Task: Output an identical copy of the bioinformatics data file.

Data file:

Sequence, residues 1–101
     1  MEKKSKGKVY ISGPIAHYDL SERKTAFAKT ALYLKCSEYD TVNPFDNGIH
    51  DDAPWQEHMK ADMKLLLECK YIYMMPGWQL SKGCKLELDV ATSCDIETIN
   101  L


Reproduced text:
Sequence, residues 1–101
     1  MEKKSKGKVY ISGPIAHYDL SERKTAFAKT ALYLKCSEYD TVNPFDNGIH
    51  DDAPWQEHMK ADMKLLLECK YIYMMPGWQL SKGCKLELDV ATSCDIETIN
   101  L